I Want to Feel ALive Again at Lyles & King Gallery (New Location), NYC

Installation view, I WANT TO FEEL ALIVE AGAIN at Lyles & King, New York. Images courtesy of the artists and Lyles & King.
Ivana Bašić, I too had thousands of blinking cilia, while my belly, new and made for the ground was being reborn | Position III, #1, 2020, wax, bronze, breath, blown glass, oil paint, stainless steel, pressure, 50 x 12 x 16 inches, 127 x 30.5 x 40.6 cm
Aleksandra Waliszewska, Untitled, 2016, mixed media on cardboard, 9 7/8 x 13 3/4 inches, 25 x 35 cm
Installation view, I WANT TO FEEL ALIVE AGAIN at Lyles & King, New York. Images courtesy of the artists and Lyles & King.
Jenna Gribbon, Public Display of Affection, 2020, oil on linen, 14 x 11 inches, 35.6 x 27.9 cm
Sara Rahbar, Separation (Confessions), 2015, bronze and collected object. Right hand: 42 x 4 x 4 inches, 107 x 10 x 11 cm | Left hand: 40 x 4 x 4 inches, 101 x 10 x 11 cm
Gina Pane Psyché (Essai), 24 janvier 1974, 1974, portfolio consisting of twenty-four black and white vintage photos on board, contained in original blue cloth box, 7 7/8 x 11 5/8 inches each, 29.5 x 20 cm, each Edition of 10/80
Rosa Loy, Versuch (Attempt), 2000, casein on canvas, 49 5/8 x 41 3/8 inches, 126 x 105 cm
Faith Wilding, Untitled (the parents), 1990, watercolor and ink on paper, 87 x 57 inches, 221 x 144.8 cm
Polly Borland Morph, 27, 2018, archival pigment print, 36 1/4 x 30 3/4 inches, 91.9 x 78 cm. Edition 1 of 6 + 3 APs

I WANT TO FEEL ALIVE AGAIN at Lyles and King Gallery

21 Catherine St, New York

Sep 2,2020 – October 11, 2020

Rebecca Horn, Gavin Kenyon, Dan Herschlein, Farley Aguilar, Mira Schor, Gina Pane,
Ivana Bašić, Polly Borland, Aaron Gilbert, Rosa Loy, Jenna Gribbon, Rachel Howard,
Jessie Makinson, Ariana Papademetropoulous, Sara Rahbar, Chiffon Thomas, Aleksandra
Waliszewska, Faith Wilding, Sara Anstis, Bhasha Chakrabarti, Elia Alba, Aneta
Grzeszykowska, Ridley Howard, Lise Stoufflet, Phumelele Tshabalala

With the world grown uncertain, it makes sense to refocus on figuration, to take refuge in
the facticity of our bodies (when pricked, we bleed: fact), but in the current situation it is
a roulette wheel: our bodies could betray us and fail at any time. We experience deeply
the dynamic between bodily alienation and bodily intimacy, our skin as the wall
separating and protecting ourselves from others, but also as the point of contact and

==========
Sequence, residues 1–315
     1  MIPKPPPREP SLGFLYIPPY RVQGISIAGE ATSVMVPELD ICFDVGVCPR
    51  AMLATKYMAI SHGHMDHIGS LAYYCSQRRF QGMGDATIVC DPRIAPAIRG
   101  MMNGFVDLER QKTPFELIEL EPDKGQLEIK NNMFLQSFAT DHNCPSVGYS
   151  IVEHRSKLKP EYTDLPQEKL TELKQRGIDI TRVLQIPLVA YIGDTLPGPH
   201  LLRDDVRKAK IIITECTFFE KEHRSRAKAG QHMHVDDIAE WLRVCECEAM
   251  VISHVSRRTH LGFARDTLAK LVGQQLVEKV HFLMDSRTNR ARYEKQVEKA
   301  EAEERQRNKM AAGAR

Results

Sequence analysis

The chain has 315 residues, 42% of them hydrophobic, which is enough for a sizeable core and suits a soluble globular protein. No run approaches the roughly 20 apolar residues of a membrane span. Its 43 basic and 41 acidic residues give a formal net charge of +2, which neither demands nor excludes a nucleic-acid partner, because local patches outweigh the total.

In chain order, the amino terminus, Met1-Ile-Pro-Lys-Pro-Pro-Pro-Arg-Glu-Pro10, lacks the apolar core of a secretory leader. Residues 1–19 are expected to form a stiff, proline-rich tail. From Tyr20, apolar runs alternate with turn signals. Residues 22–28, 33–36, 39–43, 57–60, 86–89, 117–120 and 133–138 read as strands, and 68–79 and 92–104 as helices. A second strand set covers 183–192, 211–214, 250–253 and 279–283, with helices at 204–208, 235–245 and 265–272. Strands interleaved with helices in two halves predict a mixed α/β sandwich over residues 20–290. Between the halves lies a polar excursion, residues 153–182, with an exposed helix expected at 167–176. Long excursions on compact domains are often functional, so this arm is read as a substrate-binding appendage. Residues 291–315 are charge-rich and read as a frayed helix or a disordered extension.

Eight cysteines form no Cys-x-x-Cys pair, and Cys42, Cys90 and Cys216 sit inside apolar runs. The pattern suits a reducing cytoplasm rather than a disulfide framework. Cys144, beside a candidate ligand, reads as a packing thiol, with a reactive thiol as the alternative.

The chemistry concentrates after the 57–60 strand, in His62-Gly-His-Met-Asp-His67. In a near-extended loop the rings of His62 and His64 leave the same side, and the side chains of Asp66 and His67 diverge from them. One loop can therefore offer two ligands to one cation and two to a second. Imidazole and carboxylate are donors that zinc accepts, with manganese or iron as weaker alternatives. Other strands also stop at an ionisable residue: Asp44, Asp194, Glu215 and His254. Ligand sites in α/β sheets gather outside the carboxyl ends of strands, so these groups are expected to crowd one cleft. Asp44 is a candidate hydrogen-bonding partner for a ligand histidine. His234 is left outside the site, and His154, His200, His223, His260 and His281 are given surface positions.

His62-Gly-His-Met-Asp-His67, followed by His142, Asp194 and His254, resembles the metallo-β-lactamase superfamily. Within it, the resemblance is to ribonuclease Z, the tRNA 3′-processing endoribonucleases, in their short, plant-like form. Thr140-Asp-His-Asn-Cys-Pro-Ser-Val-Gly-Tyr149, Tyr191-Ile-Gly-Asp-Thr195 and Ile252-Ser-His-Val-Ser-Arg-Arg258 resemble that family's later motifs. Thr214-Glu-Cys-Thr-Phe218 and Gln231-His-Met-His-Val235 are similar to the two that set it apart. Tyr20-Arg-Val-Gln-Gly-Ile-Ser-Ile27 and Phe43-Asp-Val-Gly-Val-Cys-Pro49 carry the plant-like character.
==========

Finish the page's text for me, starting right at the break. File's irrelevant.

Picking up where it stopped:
exchange—how we are a danger to each other and how we desire each other.
I WANT TO FEEL ALIVE AGAIN, the inaugural exhibition at 21 Catherine Street,
concerns the body, empathy, and human connection, using skin as the central motif. In
“Body Art/Performing the Subject,” Amelia Jones writes that body art solicits the viewer
and draws them “into the work of art as an intersubjective exchange.” This exhibition
argues that figuration in painting, photography, and sculpture can also elicit this exchange through a similar haptic encounter with the body, and its themes seem suddenly more relevant, urgent, and charged.

Emmanuel Levinas famously described the beginning of ethics and empathy as rooted in
the face-to-face encounter. “The face, in its nudity and defenselessness, signifies: ‘Do not
kill me.’” The work in I WANT TO FEEL ALIVE AGAIN moves between revealing the
face of the subjects and evoking their lived presence. Often this is manifested as an
alienated, pained vitality: the hand traces of Rebecca Horn’s “Body Drawings”, the
mythopoetic masochism of Gina Pane, the body-transcending sculpture of Ivana Basic, or
the weighty physicality of Gavin Kenyon’s monumental eyeless concrete bulges. They
contrast with intimate touch and connection in Aaron Gilbert’s drawing of a woman and
child, of Jenna Gribbon depicting a lover’s touch, of Aneta Grzeszykowska’s open lips
collaged to Ana Mendieta’s cheek, and of the debauched riot of nude bodies in Jessie
Makinson’s “Skin Spy.”

I WANT TO FEEL ALIVE AGAIN germinated from reading about the importance of skinto-
skin contact for newborns—new love in a world needing it—and evolved through
readings on “skin hunger.” Kandinsky wrote that “[W]hen the outer supports threaten to
fall, man turns his gaze from externals in on to himself,” but in a precarious world
perhaps much of this internal growth depends on our gaze, if not our touch, focusing on
one another through common need and hunger.


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The press release and the photographs are courtesy of the gallery and the artists.

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